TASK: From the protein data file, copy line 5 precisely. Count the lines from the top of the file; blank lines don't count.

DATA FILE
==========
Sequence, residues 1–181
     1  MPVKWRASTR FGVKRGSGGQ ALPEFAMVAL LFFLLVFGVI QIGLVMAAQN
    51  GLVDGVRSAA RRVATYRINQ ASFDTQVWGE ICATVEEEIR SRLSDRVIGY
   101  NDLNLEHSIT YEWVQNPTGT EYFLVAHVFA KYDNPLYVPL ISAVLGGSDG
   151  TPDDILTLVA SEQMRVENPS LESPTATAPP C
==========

   151  TPDDILTLVA SEQMRVENPS LESPTATAPP C